Observability Part1— Demystifying MELT Telemetry Data: Metrics, Events, Logs, Traces

Manmohan Singh Bohara
3 min readOct 15, 2023
Photo by Carlos Muza on Unsplash

To have a better observability in our system, the first step is to gather performance data. In this article, we will try to understand the four key telemetry data types which we rely on to gain insights into system performance. The acronym that encapsulates these data types is MELT, which stands for Metrics, Events, Logs, and Traces. We will explore each of these telemetry data types using a flight reservation system as an example.


Metrics are aggregated numbers calculated by observing events over a period of time. They provide us a high-level summary of what is happening in our system. Think of metrics as the big picture view.

In our flight reservation system example, a metric could be the average booking time for flights over the last hour. This metric is calculated by observing the start and end times of flight bookings during that time period.


Events are distinct actions occurring at a specific moment in time. They capture discrete occurrences in our system. An event contains information such as a timestamp and relevant details about the action.

When we are purchasing a flight ticket, that purchase transaction is an event. It includes essential information like the timestamp of the purchase, the ticket price, the source, and the destination. Another event might be a flight search for a specific route and date. Events provide valuable insights into what specific actions took place within your system at a particular point in time.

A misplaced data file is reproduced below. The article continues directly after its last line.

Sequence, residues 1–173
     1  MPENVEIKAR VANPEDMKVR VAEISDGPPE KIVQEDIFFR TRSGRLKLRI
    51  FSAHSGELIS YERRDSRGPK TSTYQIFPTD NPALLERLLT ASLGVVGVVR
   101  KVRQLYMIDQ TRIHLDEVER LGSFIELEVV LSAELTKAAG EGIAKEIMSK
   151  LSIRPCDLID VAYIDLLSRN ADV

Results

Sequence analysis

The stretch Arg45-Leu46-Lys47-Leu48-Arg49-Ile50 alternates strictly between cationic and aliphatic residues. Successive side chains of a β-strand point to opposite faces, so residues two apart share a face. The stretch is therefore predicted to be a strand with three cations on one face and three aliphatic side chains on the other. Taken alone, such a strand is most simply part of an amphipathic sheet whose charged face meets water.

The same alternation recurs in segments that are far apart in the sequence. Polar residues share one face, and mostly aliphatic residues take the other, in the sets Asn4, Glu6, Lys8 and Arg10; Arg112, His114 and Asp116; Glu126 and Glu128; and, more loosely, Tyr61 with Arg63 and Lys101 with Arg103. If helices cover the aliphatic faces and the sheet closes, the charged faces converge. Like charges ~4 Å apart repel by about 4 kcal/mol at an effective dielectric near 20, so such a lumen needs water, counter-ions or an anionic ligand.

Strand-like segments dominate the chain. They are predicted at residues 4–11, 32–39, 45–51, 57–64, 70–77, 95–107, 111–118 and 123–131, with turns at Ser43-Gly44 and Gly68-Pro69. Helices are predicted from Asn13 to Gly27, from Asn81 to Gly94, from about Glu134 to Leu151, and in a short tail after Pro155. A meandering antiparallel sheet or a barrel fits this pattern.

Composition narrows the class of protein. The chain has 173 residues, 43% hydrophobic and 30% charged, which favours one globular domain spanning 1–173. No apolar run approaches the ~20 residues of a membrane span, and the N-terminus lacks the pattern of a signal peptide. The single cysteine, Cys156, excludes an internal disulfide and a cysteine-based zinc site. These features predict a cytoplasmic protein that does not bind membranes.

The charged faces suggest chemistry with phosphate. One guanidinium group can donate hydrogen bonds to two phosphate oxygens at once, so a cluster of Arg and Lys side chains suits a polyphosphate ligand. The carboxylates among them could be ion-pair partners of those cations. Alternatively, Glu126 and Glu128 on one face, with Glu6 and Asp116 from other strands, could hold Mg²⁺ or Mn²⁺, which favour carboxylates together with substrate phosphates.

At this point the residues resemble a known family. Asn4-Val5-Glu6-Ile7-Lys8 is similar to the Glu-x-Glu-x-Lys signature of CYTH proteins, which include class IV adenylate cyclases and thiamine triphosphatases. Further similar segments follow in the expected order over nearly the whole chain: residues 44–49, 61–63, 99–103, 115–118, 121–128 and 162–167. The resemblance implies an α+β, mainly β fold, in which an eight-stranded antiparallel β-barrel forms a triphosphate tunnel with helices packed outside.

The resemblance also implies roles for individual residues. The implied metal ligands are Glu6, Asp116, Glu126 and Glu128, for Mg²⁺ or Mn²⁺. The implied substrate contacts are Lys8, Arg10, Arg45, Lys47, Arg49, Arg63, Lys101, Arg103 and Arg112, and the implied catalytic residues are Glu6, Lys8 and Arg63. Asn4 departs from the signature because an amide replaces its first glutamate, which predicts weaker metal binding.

Logs are like events but with a lot more detail. While an event summarizes an action, logs provide a comprehensive, granular information of that action. One event can generate multiple lines of logs.

Continuing with our flight reservation system, an event could be a successful booking, but the logs associated with it might include every step of the booking process. This could encompass details such as user interactions, server responses, and error messages. Logs are invaluable for troubleshooting and debugging, as they provide a detailed information of what happened during an event.